Seasonal Streamflow Forecasts

Date: February–April 2016



  • Low streamflows more likely for February–April
  • Low flows observed at almost half of locations in January
  • El Niño in the Pacific Ocean is on a gradual decline. Indian Ocean remains very warm and may provide extra moisture for rain.

Streamflow forecast for February–April


For February to April 2016, low streamflows are more likely to occur at 52 locations across Australia. Near-median flows are more likely at 32 locations and high flows at 21. High forecast skill is mostly confined to southern Australia, while very low, low and moderate skill forecasts are scattered across northern Australia, along the eastern seaboard and across Tasmania.

Due to very low model skill or missing observed data, forecasts have not been issued at 35 locations. We suggest using the historical climatology for these locations. We have added another 15 locations (in Victoria and New South Wales) to the registered user Seasonal Streamflow Forecasting service, taking the number of forecast locations to 242.

Use the map below to zoom and pan to view the forecast locations. Zoom in to view pie chart tercile forecasts, and then click on a pie chart to go directly to the latest forecast.

Note: The locations on the map are either site-based forecasts or total catchment inflow forecasts. Site information provides details on which locations are site-based or total inflow forecasts. For more details about how the pie chart forecasts are displayed go to the Frequently Asked Questions.

New information video



Outlook video


  • Legend image demonstrating moderate to high skill

    Moderate to high skill

  • Legend image demonstrating low skill

    Low skill or missing climate data

  • Legend image demonstrating very low skill

    Very low skill or missing antecedent condition data


January catchment conditions

Low January flows were recorded at 66 out of 140 locations across Australia, predominantly in Victoria, Tasmania, South Australia, New South Wales and Queensland. Near-median flows were recorded at 38 locations scattered across the continent, while high flows were recorded at 31 locations, mainly in southwestern Western Australia, eastern Tasmania and scattered along the eastern seaboard.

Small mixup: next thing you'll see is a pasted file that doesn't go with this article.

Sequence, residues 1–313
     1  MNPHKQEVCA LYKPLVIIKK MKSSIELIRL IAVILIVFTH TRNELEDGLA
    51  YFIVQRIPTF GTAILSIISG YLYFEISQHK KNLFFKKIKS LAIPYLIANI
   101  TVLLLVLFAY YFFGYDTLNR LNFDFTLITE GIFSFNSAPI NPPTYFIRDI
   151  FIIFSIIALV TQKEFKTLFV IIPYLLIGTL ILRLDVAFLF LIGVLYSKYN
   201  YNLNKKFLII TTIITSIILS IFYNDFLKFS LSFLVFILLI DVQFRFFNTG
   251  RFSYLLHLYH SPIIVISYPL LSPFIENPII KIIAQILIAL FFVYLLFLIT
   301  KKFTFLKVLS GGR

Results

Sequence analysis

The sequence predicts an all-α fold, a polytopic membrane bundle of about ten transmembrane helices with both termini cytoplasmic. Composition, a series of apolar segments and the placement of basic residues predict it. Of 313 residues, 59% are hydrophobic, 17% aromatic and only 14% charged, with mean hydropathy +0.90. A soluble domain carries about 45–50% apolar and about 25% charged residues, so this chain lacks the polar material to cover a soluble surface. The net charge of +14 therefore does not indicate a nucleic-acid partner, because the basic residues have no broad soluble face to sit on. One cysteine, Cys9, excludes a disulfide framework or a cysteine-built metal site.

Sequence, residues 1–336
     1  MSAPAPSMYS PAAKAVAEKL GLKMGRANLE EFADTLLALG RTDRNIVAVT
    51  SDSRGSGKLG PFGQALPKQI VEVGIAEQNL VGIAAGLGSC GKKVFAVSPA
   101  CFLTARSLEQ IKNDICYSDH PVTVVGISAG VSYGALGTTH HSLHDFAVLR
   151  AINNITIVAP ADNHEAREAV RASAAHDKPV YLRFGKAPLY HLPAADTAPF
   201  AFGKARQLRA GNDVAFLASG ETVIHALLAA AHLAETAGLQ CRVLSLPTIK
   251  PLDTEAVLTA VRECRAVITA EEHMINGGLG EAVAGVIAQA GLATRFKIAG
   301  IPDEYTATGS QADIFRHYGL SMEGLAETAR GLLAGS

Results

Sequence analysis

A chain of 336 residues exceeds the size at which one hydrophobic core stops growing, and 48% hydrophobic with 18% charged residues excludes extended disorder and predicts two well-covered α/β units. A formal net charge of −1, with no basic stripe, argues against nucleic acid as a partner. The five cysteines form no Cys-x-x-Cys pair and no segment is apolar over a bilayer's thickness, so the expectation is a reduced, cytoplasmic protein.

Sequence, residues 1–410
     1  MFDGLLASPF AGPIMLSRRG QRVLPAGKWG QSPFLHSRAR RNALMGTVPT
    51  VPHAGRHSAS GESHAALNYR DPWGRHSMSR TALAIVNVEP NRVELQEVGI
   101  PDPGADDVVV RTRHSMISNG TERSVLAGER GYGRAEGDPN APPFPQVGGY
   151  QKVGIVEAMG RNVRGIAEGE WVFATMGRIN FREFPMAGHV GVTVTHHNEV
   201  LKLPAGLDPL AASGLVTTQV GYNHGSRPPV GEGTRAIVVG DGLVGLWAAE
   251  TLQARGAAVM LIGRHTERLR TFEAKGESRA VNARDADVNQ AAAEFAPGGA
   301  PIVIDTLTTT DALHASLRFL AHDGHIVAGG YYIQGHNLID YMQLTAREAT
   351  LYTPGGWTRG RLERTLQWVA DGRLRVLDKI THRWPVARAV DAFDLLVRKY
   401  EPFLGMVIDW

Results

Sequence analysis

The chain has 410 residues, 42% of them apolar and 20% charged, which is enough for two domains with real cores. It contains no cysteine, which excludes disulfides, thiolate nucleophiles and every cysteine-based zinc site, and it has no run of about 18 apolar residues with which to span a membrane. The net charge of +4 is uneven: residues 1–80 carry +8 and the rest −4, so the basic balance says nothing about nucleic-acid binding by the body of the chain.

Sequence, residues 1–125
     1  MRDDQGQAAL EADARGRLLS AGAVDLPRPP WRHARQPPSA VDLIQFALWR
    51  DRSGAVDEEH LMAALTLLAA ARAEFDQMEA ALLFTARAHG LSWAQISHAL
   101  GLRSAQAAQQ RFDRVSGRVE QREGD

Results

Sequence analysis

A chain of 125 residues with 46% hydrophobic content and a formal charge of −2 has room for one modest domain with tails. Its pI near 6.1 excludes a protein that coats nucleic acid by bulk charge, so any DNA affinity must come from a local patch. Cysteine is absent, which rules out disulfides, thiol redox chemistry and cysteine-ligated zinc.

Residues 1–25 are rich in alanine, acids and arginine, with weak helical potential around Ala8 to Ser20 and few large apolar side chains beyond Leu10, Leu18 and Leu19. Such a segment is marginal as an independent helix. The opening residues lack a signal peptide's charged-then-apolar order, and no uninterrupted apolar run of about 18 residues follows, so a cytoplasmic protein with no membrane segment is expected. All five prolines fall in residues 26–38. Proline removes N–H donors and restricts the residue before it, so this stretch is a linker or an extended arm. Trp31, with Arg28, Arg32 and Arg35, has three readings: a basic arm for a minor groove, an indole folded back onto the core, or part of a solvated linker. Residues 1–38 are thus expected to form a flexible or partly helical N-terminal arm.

January rainfall was 16% below the long-term average across Australia. Rainfall totals 56% above average were observed in Victoria, while in Tasmania and NSW falls were 27% and 25% above average respectively. In contrast, rainfall was 40% and 33% below average in Northern Territory and Queensland respectively. In the remaining States, rainfall was within ~15% of the long-term mean—above in Western Australia and below in South Australia.

Potential evaporation was below or very much below average for most of mainland Australia, but average to above average in northern parts of Queensland and Northern Territory, and most of Tasmania. Below-average actual evapotranspiration in southern Victoria, coastal Queensland and Tasmania coincides with limited water availability. In most other areas, rainfall has contributed to wetter soils.

Modelled lower-layer soil moisture (10–100cm) is average to above average across most states except Tasmania. It is still below to very much below average in Tasmania, southern Victoria and small patches in other States.

For more details, read our Monthly Climate Summary.

Climate influences

Indian Ocean temperatures have remained warmer than average through 2015 and early 2016, and may provide extra moisture for rain systems across Australia.

A strong El Niño in the tropical Pacific Ocean is currently in decline. El Niño's influence on Australian rainfall is variable at this time of year, with both wetter and drier summers observed in the past depending on how quickly the event breaks down. Models suggest that the current El Niño will continue to decline through early 2016. Our understanding ENSO video provides more information on how El Niño impacts our climate and weather.


Get the latest El Niño update in our fortnightly ENSO Wrap-Up. Find out about likely seasonal rainfall conditions in our current Rainfall outlook. For a range of other detailed information on Australia's climate go to Climate Information.

New streamflow forecasting service

The Bureau now also delivers 7-day streamflow forecasts for more than 100 sites around Australia.

Combining near real-time rainfall and streamflow observations with rainfall forecasts, we calculate how much runoff is likely, and flow of this water down the stream network. A forecast is generated for each of the next seven days. Access the 7-day streamflow forecasts.


Creative Commons By Attribution logo
Unless otherwise noted, all material on this page is licensed under the Creative Commons Attribution Australia Licence